(Statista

HRMS Distribution by Organizational Size

18. 97% of companies are planning bigger investments in recruitment technology.

In the near future, it is expected that 60%, 53%, and 47% of employers will invest in predictive analysis, process automation, and artificial intelligence, respectively. HR stats unveil that 6% of HR departments already use AI and 24% are planning to use it in the future.

(Zippia)

19. Virtual recruitment is the most popular hiring process.

Although virtual recruitment may be the most used routine when hiring an employee, just 16% of HR departments are confident about their adaptation to this process. Also, about 40% of HR managers feel they are ready to face new challenges and start using AI and other modern technologies.

(Zippia)

Human Resources Job Statistics 

20. HR specialists earned around $63,000 on average in 2020. 

The statistics on human resources salary show that the pay for HR managers averaged $121,220 in 2020, whereas human resources specialists made $63,490 the same year. Also, 86% of recruiters claim that now the market is candidate-driven.

(Zippia)

21. Building critical skills and competencies is the top priority for HR leaders.

According to HR stats, almost 70% of human resources managers believe that their most important objective is building critical skills and competencies. Other top priorities include organizational design and change management.

(Gartner)

22. HRCI certifications are the most common among HR professionals.

Since HRCI has been around for more than 40 years, it is not surprising to know that about 30% of professionals hold at least one HRCI certification. Stats on certified HR professionals show that 16.9% of them have the Professional in Human Resources credential which makes it a quite popular HRCI certification.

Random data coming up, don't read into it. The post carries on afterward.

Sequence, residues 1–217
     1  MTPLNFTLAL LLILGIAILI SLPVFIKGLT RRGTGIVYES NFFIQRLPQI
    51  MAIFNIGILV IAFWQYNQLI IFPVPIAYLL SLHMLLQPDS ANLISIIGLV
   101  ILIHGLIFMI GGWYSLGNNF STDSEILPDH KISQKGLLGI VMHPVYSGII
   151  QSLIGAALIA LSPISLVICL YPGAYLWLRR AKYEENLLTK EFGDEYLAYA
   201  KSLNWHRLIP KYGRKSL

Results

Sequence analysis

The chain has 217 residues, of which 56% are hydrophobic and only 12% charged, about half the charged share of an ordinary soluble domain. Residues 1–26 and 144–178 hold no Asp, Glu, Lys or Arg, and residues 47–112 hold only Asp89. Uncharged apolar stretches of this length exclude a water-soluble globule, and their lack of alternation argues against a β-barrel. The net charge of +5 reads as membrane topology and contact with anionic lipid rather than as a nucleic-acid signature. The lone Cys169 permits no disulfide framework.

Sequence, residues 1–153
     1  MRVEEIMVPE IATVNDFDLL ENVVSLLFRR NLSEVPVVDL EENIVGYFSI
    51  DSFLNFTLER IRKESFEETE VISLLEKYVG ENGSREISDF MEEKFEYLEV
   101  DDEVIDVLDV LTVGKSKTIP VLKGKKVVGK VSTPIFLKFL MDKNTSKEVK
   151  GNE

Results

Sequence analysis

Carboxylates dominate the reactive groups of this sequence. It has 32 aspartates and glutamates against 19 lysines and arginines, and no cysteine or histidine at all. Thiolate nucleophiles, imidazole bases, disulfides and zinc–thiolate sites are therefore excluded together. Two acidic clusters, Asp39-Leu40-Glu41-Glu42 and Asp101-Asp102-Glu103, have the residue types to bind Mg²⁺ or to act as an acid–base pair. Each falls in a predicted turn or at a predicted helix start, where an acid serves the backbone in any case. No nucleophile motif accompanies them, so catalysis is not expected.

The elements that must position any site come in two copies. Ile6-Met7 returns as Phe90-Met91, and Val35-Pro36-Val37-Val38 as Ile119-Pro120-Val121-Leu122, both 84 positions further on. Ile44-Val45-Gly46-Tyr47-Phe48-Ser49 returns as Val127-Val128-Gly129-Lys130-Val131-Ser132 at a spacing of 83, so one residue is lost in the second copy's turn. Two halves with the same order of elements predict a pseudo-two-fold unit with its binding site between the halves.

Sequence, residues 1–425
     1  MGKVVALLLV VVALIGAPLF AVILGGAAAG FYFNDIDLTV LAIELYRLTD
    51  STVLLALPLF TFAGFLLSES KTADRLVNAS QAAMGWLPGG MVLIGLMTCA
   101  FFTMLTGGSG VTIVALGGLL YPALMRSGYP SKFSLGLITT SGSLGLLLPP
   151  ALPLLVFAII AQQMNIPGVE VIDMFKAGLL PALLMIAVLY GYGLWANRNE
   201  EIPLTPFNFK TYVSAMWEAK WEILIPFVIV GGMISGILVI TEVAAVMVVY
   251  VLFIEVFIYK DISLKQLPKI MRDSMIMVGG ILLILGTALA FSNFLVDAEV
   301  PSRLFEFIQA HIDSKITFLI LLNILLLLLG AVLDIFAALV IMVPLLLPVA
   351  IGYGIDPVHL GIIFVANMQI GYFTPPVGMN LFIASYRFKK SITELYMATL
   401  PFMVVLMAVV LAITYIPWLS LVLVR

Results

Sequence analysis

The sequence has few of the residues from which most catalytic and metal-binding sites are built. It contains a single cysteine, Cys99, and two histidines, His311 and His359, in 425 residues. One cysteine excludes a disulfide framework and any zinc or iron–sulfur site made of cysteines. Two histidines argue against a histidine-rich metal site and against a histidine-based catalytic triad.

(Pay Scale)

Certifications % of HR Pros

23. On average, around 73,400 jobs are created for HR professionals every year in the US.

HR specialists’ employment is expected to grow by 10% in the period from 2020 to 2030 in the US. In 2020, the number of jobs occupied by human resources professionals was almost 675,000.

(U.S. Bureau of Statistics)  

24. A Bachelor’s degree is usually required when applying for an HR specialist job.

Human resources labor statistics confirm that the level of education that is necessary to be considered for an HR position is a Bachelor’s degree, preferably in HR, business, communication, or a related field. Some employers further require experience in positions such as HR assistants and customer service representatives. The job description includes recruiting, screening, and interviewing people as well as handling compensation and benefits, training, and employee relations.

(U.S. Bureau of Statistics)  

Post-Pandemic and Global HR Statistics and Trends

25. The engagement of US employees has gone back to pre-pandemic levels. 

Employee engagement stats reveal the level of engagement of workers in the US. before the pandemic was 35%. Recent measurements have confirmed that the level has gone back to normal or just a bit higher — 36%.  

(Gallup)

26. Around two million jobs were lost in Canada in a single month as a result of the pandemic.

COVID-19 hit the Canadian economy hard by forcing the closure of non-essential services. That had a serious impact on the labor market and unemployment rates, as evidenced by HR statistics for Canada. What’s more, the pandemic emphasized the already existing inequalities in the country, leaving younger, less educated, and unmarried workers most affected by the situation.

(The Conversation)

27. The UK boasts a 75.9% employment rate as of May 2022.